Look at this buoyancy experiment. Forcing an inverted immiscible oil layer to suspend by applying a vibration to an injected air layer underneath this layer. This vibration prevents a Rayleigh–Taylor instability (i.e. glob dripping) from collapsing the layer.

https://youtu.be/gAsDcS-QW_U

from this article: [Floating under a levitating liquid](https://www.nature.com/articles/s41586-020-2643-8)

Have to look at the liquid stabilization more closely -- the formulation looks close to a Mathieu equation. This has long been used to describe sloshing in a liquid amongst other behaviors. From the [supplementary doc](https://static-content.springer.com/esm/art%3A10.1038%2Fs41586-020-2643-8/MediaObjects/41586_2020_2643_MOESM1_ESM.pdf)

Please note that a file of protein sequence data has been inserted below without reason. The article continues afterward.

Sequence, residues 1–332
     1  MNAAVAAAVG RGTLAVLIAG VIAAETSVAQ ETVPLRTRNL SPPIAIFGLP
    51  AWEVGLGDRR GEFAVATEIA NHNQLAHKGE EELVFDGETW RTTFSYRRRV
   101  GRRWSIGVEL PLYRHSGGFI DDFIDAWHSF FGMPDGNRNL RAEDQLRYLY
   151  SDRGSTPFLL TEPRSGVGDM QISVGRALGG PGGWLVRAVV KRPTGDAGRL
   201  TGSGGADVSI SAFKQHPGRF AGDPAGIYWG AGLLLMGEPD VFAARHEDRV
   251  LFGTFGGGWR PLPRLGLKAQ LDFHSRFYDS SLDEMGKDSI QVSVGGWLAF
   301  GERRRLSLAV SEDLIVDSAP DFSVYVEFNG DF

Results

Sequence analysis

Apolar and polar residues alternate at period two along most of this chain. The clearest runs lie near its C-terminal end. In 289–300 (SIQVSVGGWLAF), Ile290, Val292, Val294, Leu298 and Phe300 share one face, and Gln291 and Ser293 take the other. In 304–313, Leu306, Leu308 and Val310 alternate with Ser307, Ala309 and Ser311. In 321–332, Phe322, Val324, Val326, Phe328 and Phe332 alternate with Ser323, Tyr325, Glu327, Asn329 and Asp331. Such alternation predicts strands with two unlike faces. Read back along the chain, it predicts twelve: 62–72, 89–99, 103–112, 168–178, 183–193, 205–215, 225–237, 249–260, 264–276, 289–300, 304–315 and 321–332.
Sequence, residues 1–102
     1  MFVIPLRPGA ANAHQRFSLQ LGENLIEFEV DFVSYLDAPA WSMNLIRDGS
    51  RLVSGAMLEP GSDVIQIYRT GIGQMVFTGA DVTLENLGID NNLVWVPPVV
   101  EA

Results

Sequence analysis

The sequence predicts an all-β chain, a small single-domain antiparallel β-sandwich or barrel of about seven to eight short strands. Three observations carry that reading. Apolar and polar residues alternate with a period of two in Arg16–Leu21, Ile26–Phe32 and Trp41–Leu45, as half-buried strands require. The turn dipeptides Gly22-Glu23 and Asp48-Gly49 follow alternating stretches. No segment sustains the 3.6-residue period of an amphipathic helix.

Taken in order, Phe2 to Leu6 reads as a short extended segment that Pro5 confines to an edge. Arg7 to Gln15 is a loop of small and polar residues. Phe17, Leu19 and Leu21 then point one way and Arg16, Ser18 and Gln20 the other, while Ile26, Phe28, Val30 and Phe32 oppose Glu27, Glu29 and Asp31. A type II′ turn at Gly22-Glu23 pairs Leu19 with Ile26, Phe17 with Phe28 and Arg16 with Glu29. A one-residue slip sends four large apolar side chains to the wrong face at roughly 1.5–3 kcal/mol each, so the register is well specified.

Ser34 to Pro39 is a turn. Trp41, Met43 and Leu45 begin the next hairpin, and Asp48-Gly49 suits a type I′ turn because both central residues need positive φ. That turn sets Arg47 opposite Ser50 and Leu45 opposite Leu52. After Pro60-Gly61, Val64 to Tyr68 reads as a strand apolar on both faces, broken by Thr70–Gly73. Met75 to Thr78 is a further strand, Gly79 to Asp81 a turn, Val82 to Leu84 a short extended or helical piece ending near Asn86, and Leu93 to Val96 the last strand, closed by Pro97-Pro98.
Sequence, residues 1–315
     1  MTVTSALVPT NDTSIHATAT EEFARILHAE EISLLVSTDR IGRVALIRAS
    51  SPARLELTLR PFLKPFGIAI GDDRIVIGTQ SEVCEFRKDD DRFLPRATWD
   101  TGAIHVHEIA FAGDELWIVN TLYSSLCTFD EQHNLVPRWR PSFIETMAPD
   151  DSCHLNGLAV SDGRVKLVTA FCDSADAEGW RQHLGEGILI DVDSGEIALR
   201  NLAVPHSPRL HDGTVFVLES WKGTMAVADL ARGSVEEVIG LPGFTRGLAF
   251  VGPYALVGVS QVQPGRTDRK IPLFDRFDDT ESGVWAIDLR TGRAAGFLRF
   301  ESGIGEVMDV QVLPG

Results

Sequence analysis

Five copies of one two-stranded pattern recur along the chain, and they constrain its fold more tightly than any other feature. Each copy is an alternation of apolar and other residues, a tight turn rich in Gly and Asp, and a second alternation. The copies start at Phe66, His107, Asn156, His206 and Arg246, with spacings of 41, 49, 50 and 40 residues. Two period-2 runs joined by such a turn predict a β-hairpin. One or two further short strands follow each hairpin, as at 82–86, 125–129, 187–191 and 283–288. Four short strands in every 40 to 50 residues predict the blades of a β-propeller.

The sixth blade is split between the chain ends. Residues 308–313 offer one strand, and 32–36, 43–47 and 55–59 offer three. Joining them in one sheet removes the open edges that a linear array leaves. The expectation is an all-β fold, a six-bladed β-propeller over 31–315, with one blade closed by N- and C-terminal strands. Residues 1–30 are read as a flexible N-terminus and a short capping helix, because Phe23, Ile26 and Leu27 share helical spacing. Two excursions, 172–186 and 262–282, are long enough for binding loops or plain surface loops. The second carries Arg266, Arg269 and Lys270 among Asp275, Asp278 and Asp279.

![](https://pbs.twimg.com/media/EhsKHuCXcAcJsXw.png)


[Mathieu equation](https://en.wikipedia.org/wiki/Mathieu_function)

\\( {\displaystyle {\frac {d^{2}y}{dt^{2}}}+(a-2q\cos 2t)y=0,} \\)



The solution to the Mathieu equation (Mathieu function) is known to have stable & unstable regimes for specific parameters, which reveals as a harmonic-rich spectrum. With the sustained forcing the Rayleigh–Taylor instability is restricted to these ordered harmonics, thus preventing collapse?